Page 53 - Cormorant 2019
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 The course was then hosted extremely generously by
SAAB, Sweden’s largest domestic defence supplier.
Following dinner at the Swedish Aerospace Museum
in Linköping, the cohort received a privileged and
candid address the next morning by the CEO of
SAAB, Mr Håkan Buskhe, who highlighted his firm’s
innovative approach, investing over 25% of its capital
in research and development. He and his employees “ demonstrated the agility of SAAB, which has
transformed from a largely domestic customer base, At any one time, to one with successful export campaigns worldwide. approximately
This breadth was further demonstrated the following 20% of the world’s day at SAAB in Gothenburg, which is a dedicated cargo is the
made the well-trodden pilgrimage to ‘Warpigs’ to sample its ‘Smorgasbord’ of delights, with varying levels of success. The restaurant is situated in the old ‘Meatpacking’ District which, contrary to Attaché guidance, was temporarily deemed exempt from local guidelines regarding electric scooter crewing...
Thursday brought a visit to Maersk for a fascinating insight into a non-military, global and diverse organisation. At any one time, approximately 20%
of the world’s cargo is the responsibility of Maersk,
a statistic that drives continual focus on resilience and contingency planning on a scale beyond that
of most militaries. This was brought to life by the presenters, some of whom were formerly UK MOD employees, who described their ‘bottom-line’ as their ‘frontline’ and mapped out everything from cyber protection to strategic portfolio management. This has seen the company disinvest in oil exploration in favour of container transport and logistics, at which it is arguably now world-leading. Indeed, some ACSC 22 officers were so taken by this fact that they felt compelled to share it with their loved ones through the medium of another Danish stalwart, Lego!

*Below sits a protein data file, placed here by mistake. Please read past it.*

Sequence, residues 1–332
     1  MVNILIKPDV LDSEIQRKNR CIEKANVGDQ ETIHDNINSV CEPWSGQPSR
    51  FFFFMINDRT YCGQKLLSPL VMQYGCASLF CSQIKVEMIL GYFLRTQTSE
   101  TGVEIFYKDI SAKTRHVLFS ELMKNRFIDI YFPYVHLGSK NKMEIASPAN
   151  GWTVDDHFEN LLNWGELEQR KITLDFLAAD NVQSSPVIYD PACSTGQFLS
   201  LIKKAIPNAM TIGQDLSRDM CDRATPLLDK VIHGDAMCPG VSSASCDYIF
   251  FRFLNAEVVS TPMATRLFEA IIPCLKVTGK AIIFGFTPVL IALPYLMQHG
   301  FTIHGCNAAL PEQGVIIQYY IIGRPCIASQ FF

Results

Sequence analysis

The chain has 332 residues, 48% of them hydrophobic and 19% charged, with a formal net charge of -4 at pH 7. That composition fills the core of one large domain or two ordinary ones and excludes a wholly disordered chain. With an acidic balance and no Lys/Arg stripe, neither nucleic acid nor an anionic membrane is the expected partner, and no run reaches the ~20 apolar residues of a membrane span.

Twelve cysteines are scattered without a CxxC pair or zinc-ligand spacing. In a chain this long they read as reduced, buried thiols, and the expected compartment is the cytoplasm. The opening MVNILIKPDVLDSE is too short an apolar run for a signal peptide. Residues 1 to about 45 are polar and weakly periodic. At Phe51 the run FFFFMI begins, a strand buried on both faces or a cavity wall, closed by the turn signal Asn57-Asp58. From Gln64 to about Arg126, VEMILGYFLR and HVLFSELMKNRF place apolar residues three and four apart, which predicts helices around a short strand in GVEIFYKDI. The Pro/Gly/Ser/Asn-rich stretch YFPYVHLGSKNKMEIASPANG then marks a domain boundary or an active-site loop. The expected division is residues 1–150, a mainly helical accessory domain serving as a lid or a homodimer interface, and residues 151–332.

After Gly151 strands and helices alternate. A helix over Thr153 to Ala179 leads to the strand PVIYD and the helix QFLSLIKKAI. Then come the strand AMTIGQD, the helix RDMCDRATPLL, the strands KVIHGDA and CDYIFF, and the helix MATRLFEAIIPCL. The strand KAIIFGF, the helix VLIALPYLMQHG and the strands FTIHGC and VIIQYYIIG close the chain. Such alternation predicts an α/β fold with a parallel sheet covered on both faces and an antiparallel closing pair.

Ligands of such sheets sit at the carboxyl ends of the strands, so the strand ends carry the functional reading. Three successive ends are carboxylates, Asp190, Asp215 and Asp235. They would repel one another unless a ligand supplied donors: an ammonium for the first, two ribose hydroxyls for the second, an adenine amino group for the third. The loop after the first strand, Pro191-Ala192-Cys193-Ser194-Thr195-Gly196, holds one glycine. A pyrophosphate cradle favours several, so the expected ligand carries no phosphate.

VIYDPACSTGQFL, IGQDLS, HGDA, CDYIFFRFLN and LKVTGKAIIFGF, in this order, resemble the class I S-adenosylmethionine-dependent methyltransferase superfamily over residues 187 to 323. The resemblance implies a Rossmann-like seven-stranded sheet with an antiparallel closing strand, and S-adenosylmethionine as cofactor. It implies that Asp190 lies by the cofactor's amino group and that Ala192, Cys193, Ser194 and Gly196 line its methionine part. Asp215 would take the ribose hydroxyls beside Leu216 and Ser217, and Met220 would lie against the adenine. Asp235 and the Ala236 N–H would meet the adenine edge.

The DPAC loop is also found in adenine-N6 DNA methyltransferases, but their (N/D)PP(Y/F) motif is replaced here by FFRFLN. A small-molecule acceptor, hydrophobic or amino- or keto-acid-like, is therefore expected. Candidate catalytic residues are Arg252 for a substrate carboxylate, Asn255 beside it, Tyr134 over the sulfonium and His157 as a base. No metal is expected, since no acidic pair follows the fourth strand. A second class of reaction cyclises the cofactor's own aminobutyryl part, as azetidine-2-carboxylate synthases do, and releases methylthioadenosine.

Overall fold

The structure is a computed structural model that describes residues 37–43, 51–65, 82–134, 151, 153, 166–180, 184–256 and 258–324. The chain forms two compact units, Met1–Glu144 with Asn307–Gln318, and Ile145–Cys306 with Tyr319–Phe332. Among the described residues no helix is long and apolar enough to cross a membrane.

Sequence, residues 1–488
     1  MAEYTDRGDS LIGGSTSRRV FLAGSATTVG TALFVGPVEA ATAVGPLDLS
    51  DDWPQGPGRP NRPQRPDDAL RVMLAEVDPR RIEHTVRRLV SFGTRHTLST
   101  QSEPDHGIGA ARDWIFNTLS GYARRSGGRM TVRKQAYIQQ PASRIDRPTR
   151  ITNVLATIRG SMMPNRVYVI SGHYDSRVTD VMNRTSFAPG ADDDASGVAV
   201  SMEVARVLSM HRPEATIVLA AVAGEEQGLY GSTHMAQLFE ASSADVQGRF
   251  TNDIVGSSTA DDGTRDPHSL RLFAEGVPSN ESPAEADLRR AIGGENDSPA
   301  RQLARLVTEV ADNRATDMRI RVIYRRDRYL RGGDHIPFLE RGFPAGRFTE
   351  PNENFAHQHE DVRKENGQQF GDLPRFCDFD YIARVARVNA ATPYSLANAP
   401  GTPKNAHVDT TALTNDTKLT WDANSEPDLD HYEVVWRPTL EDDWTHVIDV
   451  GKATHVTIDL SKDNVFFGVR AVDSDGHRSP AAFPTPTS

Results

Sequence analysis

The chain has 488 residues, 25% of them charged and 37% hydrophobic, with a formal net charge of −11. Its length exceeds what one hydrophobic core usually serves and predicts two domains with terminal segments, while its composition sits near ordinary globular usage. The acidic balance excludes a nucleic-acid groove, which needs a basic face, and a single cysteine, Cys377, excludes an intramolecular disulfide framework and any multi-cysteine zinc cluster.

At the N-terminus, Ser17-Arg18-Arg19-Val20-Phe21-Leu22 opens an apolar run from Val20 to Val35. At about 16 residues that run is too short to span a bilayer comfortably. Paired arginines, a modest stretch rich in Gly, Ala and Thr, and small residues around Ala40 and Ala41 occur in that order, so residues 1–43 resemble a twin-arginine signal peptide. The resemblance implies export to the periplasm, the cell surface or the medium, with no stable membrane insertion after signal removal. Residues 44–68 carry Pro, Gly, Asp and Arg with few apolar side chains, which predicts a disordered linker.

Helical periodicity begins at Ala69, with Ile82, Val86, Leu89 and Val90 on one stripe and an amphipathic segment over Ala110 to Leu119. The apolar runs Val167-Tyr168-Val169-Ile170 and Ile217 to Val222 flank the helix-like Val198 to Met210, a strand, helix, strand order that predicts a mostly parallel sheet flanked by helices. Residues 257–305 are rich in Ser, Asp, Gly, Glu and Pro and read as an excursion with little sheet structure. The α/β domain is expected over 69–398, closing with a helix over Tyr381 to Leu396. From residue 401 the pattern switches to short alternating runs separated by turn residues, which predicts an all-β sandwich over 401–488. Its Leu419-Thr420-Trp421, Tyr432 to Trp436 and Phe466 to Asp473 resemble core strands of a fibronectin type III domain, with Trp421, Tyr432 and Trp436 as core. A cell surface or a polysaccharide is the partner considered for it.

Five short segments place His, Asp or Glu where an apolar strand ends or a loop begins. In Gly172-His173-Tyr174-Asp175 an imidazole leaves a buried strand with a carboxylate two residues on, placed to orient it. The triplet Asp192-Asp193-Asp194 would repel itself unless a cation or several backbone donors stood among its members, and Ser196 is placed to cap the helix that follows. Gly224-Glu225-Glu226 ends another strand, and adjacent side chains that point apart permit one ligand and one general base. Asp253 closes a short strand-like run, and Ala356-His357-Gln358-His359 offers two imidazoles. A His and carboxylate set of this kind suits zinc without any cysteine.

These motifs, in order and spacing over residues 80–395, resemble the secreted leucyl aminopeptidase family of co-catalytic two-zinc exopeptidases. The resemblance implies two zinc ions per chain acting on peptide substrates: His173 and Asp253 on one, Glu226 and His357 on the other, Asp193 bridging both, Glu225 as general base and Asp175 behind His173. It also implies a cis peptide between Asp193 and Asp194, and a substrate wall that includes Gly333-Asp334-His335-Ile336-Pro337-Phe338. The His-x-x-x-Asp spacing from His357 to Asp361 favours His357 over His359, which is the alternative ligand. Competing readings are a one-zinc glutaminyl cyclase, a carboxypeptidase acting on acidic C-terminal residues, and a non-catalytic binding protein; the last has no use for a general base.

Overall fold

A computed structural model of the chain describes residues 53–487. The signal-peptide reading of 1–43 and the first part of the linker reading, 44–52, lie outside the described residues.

The final visit of the trip was to the Royal Danish Military Academy, where the Embassy and military staff painted a vivid and honest picture of Danish strategy and procurement, which is primarily based on import due to the relatively small Danish industrial base. Despite this, it was clear that Denmark and its MoD are ‘open for business,’ with increasing defence budgets, and strengthening commitment to NATO. The cornerstone of this is the purchase of F-35A fighters.
A rooftop farewell from the Commandant was followed by a sunny visit to the Copenhagen Citadel and its memorial to those killed in service to Denmark in recent conflict. On behalf of all at the UK Defence Academy, Director ACSC laid a wreath at this impressively modern monument. A light beverage was shared with Danish colleagues before the cohort returned home, reflecting on the many lessons outlined during the visit, throughout which we were made to feel extremely welcome.
  radar production, overhaul and test facility. We received briefs on everything from company ‘ways of working’ to ‘human factors’ and were treated to
a fascinating case study into the tension that can exist in procurement cycles and how the importance of relationships between customer, agencies and industry.
We then crossed the Öresund Bridge from Sweden to Denmark ahead of a great couple of days and nights in the Danish Capital, Copenhagen. Many
responsibility of Maersk... ◆◆◆

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